Washington, D.C. – U.S. Senators Richard Blumenthal (D-CT) and Chris Murphy (D-CT), joined Senators Kirsten Gillibrand (D-NY) and Bob Casey (D-PA) in introducing the Highlands Conservation Act. This legislation would allow states to access federal funding for projects to promote conservation, tourism, and recreation in the region. The Highlands Region of the Northeastern United States consists of forested mountains and hills stretching from Connecticut, through New York and New Jersey, to Pennsylvania. The bill would provide these states with resources to conserve land, and natural resources including a clean water supply that is essential for serving more than 20 million people in the densely populated areas around the Highlands Region.
“From hiking trails to clean water, the Highlands Region is full of precious, historic natural resources that are enjoyed by many residents in Connecticut and the surrounding area. The Highlands Conservation Act would secure more resources to help preserve the picturesque mountains, hills and waterways—boosting tourism and recreation, creating jobs, and ensuring that this region remains an environmental treasure for years to come,” said Senator Blumenthal.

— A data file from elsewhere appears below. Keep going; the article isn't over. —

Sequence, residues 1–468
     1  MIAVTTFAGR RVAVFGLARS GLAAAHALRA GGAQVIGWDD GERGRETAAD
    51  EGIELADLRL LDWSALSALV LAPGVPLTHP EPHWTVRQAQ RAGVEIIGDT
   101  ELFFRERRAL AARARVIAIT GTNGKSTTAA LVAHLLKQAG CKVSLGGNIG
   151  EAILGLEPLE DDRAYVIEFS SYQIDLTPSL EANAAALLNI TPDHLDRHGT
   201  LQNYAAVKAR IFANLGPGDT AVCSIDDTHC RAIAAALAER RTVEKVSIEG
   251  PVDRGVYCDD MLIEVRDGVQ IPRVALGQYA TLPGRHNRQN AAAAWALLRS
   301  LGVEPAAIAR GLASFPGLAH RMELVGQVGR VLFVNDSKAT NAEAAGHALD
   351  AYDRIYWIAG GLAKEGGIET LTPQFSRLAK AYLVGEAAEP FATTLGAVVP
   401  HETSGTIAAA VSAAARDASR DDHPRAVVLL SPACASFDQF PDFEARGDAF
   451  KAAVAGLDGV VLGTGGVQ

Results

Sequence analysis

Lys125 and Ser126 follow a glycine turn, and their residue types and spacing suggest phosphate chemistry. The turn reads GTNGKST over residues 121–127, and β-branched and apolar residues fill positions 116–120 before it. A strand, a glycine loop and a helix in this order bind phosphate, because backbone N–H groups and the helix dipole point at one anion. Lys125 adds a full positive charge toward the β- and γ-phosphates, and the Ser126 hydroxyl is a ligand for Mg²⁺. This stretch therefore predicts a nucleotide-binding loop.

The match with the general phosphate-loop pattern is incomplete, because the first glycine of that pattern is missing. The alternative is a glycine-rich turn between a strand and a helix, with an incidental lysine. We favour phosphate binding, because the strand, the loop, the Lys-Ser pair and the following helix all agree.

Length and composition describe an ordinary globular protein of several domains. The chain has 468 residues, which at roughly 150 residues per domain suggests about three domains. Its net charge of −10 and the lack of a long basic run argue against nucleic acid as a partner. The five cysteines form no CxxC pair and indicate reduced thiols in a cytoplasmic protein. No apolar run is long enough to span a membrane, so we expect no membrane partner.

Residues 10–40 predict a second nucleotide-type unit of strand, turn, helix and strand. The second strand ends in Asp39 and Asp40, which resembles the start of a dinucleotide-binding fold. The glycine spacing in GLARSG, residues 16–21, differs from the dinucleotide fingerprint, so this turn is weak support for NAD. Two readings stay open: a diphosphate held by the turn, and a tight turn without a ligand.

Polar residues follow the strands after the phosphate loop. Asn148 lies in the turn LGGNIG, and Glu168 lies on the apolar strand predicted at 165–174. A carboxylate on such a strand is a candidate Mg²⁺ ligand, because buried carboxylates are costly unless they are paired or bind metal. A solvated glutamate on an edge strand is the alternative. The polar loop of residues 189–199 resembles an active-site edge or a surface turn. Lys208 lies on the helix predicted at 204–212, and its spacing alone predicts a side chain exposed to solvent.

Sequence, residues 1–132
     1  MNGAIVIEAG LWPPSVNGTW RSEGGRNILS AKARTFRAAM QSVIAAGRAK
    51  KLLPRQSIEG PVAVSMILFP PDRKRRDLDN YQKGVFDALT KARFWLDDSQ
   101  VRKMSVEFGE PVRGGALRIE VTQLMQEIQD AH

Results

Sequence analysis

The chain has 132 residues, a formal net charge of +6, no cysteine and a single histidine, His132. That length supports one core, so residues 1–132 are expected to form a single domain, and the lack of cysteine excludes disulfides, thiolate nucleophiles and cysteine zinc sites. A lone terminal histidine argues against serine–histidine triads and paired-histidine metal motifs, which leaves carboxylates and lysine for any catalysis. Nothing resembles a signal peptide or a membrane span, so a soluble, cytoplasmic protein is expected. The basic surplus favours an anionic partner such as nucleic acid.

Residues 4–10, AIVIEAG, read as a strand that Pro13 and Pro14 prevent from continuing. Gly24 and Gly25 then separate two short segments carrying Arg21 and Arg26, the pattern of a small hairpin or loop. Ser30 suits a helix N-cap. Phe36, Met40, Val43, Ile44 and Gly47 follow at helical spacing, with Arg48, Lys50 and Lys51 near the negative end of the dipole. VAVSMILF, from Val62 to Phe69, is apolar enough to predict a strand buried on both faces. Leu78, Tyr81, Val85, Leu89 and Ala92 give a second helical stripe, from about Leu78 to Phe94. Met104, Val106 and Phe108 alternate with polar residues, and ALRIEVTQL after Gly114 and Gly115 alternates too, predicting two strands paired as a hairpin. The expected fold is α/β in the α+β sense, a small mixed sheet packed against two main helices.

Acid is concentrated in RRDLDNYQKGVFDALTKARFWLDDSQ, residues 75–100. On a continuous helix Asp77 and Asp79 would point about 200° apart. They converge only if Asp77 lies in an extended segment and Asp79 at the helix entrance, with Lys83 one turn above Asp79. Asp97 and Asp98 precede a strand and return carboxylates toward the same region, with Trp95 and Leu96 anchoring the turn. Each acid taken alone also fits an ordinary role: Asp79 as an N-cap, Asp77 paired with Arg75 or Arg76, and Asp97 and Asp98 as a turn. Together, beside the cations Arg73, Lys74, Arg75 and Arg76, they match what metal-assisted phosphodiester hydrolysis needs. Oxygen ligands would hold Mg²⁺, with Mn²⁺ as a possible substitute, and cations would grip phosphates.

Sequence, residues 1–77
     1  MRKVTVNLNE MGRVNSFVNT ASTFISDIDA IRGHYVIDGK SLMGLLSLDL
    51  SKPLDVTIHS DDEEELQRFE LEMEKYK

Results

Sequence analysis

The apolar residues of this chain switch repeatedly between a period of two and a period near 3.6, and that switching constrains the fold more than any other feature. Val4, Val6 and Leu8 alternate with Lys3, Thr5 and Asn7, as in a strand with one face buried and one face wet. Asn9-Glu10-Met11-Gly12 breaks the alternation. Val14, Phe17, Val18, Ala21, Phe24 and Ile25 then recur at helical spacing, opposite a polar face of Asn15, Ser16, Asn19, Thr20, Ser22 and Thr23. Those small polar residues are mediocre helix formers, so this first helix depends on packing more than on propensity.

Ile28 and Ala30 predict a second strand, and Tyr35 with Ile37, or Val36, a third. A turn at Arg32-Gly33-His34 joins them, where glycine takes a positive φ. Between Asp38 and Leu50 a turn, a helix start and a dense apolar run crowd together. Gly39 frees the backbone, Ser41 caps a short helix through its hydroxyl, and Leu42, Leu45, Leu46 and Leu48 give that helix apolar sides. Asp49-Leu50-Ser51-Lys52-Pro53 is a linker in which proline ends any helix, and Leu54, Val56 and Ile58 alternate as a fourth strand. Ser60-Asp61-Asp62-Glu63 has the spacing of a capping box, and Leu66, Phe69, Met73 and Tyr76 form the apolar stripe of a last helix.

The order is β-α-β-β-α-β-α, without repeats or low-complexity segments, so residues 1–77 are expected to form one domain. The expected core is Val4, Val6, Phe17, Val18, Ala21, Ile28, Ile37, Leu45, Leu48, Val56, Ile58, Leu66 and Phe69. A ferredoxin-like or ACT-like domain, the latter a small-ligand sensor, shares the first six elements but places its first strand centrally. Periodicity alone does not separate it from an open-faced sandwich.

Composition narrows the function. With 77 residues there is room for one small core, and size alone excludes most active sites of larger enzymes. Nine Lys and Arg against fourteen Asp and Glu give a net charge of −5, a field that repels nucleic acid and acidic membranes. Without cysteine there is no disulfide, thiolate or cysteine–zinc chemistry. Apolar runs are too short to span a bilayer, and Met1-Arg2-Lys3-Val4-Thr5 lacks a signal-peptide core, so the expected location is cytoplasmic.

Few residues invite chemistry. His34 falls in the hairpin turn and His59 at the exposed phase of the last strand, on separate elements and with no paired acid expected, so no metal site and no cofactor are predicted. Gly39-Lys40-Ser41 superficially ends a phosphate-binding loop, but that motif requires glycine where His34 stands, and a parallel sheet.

“The Highlands area isn't just a pretty landscape – it's home to hundreds of wildlife species and provides clean drinking water to one of the most populated areas in the country,” said Senator Murphy. “We’ve made great progress so far preserving the Highlands, but we have more work to do. This bill will go a long way in helping protect this critical ecosystem for centuries.”
The Highlands is a nationally significant landscape that yields benefits and resources to more than 11 million Americans. First authorized in 2004 at $10 million per year for 10 years, the Highlands Conservation Act authorization expired at the end of Fiscal Year 2014. To date, the program has protected more than 5,900 acres of conservation land in the Highlands Region of New York, New Jersey, Pennsylvania and Connecticut and leveraged $17.25 million in federal funding with an additional $34.4 million in non-federal matching funds. The bill would match funds from the Land and Water Conservation Fund to protect high-value conservation areas, as identified by the USDA Forest Service, in the Mid-Atlantic Highlands of New York, Connecticut, New Jersey, and Pennsylvania.